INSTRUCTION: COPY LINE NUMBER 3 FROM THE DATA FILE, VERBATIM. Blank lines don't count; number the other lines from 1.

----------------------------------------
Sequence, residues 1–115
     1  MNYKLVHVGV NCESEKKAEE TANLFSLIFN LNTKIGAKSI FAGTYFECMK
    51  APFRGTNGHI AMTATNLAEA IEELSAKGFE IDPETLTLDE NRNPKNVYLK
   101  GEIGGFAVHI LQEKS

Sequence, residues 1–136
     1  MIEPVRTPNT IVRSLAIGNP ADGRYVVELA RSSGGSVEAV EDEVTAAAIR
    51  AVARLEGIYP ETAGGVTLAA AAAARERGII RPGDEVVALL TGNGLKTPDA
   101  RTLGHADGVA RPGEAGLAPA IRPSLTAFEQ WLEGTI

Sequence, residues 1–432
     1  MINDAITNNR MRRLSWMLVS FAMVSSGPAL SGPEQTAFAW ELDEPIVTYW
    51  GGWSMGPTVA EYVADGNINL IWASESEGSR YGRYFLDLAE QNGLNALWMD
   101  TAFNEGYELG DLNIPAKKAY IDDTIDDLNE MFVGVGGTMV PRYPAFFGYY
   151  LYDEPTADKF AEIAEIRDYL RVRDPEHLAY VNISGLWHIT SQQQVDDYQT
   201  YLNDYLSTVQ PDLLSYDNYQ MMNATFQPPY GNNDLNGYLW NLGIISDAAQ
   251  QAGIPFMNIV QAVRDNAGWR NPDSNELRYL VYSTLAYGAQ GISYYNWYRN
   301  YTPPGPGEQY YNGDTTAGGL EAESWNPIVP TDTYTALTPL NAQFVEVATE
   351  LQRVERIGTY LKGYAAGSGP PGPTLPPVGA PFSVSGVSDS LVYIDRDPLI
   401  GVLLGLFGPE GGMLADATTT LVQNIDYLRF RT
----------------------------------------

    51  APFRGTNGHI AMTATNLAEA IEELSAKGFE IDPETLTLDE NRNPKNVYLK